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The Looming Dystopia of Drone-Delivered Pizza and Walmart Food Halls

From the Editor: Everything you missed in food news last week

Meet your Walmart of tomorrow | Walmart

This post originally appeared on November 3, 2018, in Amanda Kludt’s newsletter “From the Editor,” a roundup of the most vital news and stories in the food world each week. Read the archives and subscribe now.

This week on our podcast, my co-host Daniel asked me if I thought UberEats’s goal to have drones delivering our food by 2021 sounded dystopian. Not in itself, no. But that plus all the other UberEats news — that it wants to reach 70 percent of Americans by the end of the year, that some investors have valued it at $20 billion, that its path to success involves getting indie restaurateurs to open generic, online-only, delivery-focused entities — does make me a little uneasy at its potential to shape the future we live in.

Meanwhile, Costco is about to have an outsize impact on the farms and farmland of Nebraska as it supports its 60 million per year rotisserie chicken habit; Amazon will install 3,000 more cashierless grocery stores by 2021; self-driving vans are delivering groceries in Silicon Valley; and Walmart is trying to replace the traditional town square by building food halls, gyms, food truck parks, and entertainment venues in the monster parking lots that ring its Superstores. So, yes, drones. But also this.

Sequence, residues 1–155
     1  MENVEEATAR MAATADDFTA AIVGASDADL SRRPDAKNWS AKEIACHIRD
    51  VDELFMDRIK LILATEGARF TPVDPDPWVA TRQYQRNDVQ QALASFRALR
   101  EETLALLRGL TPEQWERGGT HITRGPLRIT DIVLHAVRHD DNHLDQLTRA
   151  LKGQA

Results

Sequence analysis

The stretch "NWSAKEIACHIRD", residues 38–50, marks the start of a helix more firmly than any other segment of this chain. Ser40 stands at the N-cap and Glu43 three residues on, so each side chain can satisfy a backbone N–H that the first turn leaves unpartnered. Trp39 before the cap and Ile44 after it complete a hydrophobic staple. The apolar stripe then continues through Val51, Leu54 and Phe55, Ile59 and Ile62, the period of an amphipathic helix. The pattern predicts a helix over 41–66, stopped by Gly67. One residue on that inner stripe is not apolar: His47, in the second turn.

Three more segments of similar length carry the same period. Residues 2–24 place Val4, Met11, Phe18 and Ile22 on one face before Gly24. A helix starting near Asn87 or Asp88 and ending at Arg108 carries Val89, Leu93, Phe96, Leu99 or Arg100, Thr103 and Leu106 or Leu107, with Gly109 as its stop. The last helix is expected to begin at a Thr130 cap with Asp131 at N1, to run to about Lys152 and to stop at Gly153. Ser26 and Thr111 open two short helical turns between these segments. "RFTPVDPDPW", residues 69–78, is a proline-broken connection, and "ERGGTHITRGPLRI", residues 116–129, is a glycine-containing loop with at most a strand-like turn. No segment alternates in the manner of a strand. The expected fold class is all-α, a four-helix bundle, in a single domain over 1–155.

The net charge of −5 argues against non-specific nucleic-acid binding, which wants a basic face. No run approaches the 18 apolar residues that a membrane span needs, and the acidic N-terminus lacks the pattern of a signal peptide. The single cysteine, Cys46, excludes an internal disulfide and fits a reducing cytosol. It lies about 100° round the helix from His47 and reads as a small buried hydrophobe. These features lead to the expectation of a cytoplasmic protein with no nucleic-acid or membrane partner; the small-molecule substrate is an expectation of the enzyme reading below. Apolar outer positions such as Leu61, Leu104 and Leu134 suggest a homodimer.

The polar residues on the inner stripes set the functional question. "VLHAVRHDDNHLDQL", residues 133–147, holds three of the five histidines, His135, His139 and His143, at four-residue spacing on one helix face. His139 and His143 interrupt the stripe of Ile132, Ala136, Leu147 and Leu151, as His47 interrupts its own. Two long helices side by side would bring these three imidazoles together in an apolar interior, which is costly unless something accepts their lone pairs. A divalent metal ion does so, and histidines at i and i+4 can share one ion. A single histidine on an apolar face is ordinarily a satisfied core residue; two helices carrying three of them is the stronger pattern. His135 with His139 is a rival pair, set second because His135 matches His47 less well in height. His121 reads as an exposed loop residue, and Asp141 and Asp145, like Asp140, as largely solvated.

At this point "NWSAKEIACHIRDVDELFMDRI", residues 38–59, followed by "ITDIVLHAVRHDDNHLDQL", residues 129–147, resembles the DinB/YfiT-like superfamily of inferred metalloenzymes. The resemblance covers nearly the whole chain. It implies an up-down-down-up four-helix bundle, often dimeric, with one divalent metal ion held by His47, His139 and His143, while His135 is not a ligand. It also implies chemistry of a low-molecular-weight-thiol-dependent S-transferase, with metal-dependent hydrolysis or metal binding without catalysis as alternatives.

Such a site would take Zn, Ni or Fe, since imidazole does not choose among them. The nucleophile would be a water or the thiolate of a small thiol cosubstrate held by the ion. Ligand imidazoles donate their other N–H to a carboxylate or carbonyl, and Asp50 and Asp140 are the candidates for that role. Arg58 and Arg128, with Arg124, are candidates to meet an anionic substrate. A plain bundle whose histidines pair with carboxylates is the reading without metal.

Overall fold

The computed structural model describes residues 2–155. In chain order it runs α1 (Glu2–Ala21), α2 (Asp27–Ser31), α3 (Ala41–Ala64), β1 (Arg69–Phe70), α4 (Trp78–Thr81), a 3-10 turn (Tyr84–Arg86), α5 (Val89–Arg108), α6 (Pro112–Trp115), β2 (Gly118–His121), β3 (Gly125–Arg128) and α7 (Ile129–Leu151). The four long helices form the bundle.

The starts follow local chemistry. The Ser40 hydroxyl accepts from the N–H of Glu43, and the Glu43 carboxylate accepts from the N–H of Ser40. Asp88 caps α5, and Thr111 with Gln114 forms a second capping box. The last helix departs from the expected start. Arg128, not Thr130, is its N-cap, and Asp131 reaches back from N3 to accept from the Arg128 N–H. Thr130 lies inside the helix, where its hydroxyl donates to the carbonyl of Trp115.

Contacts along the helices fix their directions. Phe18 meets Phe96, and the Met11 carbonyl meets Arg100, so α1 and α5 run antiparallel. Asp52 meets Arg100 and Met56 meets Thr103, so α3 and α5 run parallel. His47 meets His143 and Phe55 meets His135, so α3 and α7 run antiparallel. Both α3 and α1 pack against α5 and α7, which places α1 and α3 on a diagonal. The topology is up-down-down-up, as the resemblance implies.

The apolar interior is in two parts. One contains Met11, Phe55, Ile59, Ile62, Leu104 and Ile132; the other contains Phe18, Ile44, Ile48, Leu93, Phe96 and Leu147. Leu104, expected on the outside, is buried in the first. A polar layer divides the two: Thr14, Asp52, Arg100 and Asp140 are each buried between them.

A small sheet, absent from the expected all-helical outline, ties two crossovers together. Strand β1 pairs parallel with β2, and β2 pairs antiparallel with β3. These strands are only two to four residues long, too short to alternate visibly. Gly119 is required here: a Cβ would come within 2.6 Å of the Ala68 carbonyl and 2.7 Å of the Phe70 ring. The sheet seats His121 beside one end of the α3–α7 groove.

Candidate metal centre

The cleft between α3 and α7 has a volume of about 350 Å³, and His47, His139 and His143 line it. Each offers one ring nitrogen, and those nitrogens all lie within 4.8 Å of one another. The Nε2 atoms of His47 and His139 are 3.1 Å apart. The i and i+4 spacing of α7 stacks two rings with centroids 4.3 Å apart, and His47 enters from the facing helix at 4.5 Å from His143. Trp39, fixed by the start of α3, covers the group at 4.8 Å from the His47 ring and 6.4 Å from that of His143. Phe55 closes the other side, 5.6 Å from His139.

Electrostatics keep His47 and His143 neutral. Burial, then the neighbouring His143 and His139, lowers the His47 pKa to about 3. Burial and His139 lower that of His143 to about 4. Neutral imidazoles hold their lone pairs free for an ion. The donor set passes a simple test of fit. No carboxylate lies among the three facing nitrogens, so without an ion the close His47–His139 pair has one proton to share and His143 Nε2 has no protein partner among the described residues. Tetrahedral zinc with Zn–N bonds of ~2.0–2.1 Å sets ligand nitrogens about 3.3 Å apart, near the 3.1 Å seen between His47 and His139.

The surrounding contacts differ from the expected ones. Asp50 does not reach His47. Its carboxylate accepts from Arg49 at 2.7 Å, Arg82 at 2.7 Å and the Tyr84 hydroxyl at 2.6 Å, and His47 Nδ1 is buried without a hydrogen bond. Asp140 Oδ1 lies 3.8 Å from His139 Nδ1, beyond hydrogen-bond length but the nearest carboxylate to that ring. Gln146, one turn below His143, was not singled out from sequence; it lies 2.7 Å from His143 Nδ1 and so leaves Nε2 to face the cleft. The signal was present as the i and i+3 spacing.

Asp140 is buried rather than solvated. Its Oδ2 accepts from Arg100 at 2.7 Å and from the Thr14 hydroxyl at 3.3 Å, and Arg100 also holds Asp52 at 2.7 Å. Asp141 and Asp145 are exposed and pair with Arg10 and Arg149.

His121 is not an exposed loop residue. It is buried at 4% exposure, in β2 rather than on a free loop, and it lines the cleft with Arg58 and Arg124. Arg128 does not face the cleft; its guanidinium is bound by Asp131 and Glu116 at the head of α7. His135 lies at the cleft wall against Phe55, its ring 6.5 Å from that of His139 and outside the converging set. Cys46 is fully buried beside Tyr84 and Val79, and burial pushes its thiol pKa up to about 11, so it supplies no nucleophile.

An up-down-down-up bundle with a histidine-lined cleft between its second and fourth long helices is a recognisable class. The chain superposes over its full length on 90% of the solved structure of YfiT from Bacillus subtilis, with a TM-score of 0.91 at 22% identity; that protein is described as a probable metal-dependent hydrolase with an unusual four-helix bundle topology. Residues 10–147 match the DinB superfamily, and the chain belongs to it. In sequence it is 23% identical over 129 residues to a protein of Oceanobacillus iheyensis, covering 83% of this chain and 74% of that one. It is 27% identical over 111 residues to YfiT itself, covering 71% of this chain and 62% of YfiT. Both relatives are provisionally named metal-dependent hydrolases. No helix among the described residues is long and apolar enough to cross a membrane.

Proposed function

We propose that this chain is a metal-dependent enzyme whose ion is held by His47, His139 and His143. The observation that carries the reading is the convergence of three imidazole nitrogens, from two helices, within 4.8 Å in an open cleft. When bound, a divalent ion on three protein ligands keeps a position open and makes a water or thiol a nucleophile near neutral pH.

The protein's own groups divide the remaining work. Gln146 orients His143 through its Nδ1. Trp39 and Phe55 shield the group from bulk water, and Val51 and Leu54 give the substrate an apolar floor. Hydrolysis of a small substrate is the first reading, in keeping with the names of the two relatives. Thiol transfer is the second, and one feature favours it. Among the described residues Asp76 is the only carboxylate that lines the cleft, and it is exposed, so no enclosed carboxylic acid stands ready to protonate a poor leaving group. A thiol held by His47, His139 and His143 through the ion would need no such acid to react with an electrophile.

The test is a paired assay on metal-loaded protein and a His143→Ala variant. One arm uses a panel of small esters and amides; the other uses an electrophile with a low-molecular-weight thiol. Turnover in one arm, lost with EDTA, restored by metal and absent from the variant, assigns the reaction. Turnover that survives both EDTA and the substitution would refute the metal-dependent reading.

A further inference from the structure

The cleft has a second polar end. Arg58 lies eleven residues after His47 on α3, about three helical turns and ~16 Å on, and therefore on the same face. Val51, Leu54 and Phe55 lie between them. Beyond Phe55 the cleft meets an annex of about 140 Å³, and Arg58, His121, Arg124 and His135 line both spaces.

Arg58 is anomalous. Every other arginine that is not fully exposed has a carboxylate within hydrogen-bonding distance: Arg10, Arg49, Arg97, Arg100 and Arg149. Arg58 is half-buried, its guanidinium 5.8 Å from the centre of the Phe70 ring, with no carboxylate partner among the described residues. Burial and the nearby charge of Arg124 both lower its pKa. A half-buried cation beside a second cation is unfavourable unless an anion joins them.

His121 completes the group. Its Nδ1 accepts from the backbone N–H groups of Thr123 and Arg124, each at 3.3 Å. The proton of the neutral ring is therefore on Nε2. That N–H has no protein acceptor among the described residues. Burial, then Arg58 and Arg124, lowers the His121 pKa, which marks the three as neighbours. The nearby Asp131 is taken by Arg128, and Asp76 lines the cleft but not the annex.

Progress, cheap prices, and ultimate convenience, all delivered with the help the gig economy and major corporate interests.

This might be a good time for us to make an extra-concerted effort this weekend to shop the local market, spend a little extra at the neighborhood coffee shop, and, well, support the old-fashioned town square.

On Eater

On the Podcasts This Week

This week on The Upsell, Daniel and I discuss the best food stories of October, including how tablet payments have changed the way we tip, the cheating scandal at the Court of Master Sommeliers exam, Costco’s somewhat terrifying plan to put cheap rotisserie chickens on every table in America, and more.

And on this week’s episode of our business podcast, Start to Sale, hosts Erin and Natasha talk to Dermalogica’s Jane Wurwand about how she built a business on empathy, ambition, smarts, and kindness.

Off Eater